Could Your Dog Have Giardia?
It’s been one of the wettest- and yes, hottest!- summers on record here in the Lowcountry and while that may be great news for our lawns, it’s not necessarily for our pups- specifically, the increased likelihood that Fido may come into contact with various types of intestinal parasites. Although not many canine parasites actually live in water, most of them CAN live in water, which means that the increased levels of standing water- think puddles, ponds, fountains- putting your pup more at risk for walking through, laying in or drinking the dangerous stuff!
As pet owners, we’ve all heard about the five main types of canine worms: heartworm, tapeworm, hookworm, roundworm and whipworm. These are all transferred through fecal matter (distributed more widely with excess rain) and mosquitoes (bred in standing water). But have you heard of Giardia?
Giardia is a protozoan parasite that lives in the intestine of affected animals. These small parasites are very easy to miss on fecal exams, so repeated exams are often necessary for diagnosis. So what causes giardia? Well, it’s simple: drinking from a lake, pond or stream. Dogs get the infection when they drink water that contains trace amounts of infected animal feces.
So how do you know if your pup has giardia? The bad news is that some dogs don’t show any symptoms initially, but eventually, you can expect foul-smelling, watery diarrhea, weight loss (because the parasite interferes with the absorption of nutrients from food), and lack of energy.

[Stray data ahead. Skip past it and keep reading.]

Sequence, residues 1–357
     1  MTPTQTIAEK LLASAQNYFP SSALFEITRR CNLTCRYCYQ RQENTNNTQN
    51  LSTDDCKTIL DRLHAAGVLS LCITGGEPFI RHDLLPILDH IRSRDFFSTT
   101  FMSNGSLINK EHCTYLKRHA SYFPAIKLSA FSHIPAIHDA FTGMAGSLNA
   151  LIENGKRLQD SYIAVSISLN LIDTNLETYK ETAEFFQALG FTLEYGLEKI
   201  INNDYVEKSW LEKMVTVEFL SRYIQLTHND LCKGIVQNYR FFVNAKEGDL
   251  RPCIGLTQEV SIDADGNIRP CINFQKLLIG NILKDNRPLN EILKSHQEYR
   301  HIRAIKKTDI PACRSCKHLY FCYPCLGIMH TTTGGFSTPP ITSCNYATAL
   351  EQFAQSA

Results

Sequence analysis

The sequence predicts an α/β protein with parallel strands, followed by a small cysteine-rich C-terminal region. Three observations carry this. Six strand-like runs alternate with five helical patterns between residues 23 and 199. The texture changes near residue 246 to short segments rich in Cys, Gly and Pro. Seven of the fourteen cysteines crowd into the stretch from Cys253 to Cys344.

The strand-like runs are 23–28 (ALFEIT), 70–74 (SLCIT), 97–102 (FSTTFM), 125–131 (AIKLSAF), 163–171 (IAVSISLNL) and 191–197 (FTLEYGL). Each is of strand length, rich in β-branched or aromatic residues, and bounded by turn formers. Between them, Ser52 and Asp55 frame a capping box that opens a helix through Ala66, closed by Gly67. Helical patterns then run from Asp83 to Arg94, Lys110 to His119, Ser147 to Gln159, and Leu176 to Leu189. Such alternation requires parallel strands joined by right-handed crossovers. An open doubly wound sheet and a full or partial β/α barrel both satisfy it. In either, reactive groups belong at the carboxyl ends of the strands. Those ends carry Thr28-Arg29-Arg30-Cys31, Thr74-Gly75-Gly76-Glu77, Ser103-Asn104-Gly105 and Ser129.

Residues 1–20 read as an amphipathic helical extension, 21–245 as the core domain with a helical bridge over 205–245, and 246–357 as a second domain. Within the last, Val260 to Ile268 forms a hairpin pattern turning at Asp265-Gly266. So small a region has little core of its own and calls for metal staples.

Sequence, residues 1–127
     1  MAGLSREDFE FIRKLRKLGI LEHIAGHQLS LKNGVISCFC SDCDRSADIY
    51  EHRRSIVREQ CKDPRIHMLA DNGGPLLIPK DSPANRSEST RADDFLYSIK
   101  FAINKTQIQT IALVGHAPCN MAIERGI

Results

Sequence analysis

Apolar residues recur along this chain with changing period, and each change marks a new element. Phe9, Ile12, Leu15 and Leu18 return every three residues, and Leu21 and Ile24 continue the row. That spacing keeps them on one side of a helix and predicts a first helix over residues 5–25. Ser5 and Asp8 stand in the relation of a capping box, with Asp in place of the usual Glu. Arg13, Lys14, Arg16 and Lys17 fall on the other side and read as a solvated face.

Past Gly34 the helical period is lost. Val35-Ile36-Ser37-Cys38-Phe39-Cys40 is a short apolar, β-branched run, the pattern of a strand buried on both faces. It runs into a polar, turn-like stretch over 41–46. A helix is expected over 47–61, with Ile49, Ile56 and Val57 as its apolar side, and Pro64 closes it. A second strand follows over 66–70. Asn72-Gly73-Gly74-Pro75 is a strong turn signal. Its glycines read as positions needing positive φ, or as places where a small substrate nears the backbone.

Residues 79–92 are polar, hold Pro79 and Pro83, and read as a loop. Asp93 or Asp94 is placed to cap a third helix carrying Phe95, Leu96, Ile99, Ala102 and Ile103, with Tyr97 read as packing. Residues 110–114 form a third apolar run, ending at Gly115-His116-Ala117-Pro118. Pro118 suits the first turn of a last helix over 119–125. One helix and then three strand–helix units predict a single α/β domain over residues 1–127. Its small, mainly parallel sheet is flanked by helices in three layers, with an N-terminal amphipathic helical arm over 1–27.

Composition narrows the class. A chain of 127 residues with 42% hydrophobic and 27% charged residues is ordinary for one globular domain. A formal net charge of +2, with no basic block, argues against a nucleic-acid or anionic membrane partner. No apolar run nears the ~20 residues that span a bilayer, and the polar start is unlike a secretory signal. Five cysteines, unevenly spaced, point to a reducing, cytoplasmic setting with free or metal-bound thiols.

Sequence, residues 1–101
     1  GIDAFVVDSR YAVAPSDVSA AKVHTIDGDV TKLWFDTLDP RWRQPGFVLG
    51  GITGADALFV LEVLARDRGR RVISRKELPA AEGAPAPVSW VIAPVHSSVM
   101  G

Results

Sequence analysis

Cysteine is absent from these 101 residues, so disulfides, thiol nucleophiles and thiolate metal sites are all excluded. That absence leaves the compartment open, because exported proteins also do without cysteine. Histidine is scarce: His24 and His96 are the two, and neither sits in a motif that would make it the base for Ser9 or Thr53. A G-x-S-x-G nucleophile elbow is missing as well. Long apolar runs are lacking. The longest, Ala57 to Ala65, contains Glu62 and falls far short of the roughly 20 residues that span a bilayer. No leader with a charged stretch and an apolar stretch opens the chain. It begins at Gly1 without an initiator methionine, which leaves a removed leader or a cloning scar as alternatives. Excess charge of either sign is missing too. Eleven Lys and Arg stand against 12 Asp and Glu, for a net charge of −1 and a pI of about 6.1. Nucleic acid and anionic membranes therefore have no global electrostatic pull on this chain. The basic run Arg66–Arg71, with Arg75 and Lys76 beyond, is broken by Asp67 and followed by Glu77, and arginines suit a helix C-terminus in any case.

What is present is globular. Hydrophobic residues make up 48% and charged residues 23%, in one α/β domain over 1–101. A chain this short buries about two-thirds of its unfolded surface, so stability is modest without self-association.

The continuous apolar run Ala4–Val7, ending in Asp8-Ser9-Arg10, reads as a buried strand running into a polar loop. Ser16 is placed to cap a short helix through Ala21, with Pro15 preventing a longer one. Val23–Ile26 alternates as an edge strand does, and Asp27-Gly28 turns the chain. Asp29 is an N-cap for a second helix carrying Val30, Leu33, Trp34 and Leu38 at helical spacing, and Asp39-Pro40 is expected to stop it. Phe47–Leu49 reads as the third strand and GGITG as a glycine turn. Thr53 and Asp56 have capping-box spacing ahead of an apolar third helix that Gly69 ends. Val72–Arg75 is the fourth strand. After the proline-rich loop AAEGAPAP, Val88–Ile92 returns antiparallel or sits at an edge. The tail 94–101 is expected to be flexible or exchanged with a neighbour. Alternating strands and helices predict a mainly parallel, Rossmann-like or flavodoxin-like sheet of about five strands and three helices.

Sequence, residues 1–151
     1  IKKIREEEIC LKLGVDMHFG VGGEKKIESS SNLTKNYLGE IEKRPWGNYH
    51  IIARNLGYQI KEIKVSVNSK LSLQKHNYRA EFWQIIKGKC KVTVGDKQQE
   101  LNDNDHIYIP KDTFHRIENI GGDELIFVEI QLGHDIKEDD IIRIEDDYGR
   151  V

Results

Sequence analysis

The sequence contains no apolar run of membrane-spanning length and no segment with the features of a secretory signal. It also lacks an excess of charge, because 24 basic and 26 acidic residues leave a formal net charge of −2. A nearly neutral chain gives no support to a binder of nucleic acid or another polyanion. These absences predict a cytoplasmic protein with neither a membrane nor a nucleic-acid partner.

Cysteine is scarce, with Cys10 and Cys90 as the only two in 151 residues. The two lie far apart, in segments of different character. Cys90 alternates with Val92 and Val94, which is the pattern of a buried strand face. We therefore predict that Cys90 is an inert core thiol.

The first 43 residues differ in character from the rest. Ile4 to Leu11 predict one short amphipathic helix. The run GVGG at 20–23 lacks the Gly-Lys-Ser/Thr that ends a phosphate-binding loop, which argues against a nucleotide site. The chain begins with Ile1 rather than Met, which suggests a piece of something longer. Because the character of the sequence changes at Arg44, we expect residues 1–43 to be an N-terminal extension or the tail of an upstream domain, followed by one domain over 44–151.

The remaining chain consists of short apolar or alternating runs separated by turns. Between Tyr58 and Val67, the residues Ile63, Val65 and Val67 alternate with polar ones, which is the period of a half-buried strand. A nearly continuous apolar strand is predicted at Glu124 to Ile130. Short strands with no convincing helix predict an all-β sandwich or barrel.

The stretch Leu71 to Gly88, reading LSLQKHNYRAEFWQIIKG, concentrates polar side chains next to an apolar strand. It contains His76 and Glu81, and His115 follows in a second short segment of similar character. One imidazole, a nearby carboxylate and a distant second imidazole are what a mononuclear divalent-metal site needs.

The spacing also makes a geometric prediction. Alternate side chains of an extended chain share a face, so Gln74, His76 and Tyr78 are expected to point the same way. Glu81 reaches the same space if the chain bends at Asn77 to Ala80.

Once Fido has been diagnosed, your vet will likely give you a drug in liquid form (Flagyl is the most commonly used) to be used for 5-7 days. It’s possible that you’ll need two rounds of the medicine to completely solve the problem, but by then, your pup should be feeling like his old self again. Unfortunately, there’s no way to prevent reinfestation, especially in public areas, but you can improve conditions in your own yard by eliminating places where water collects like holes or drainage ditches. Also, disinfecting and sealing any concrete surfaces is a good idea. Beyond that, just keep being the conscientious pet-owner you’ve always been by picking up after your own Fido- every little bit helps!- throw on your rain boots and get walkin’!
Erin Thomas is the owner of Summerville’s Lowcountry Pet Sitters, the area’s premier in-your-home pet care service. For more information, please visit www.LCPetSitters.com or call 843-327-7487.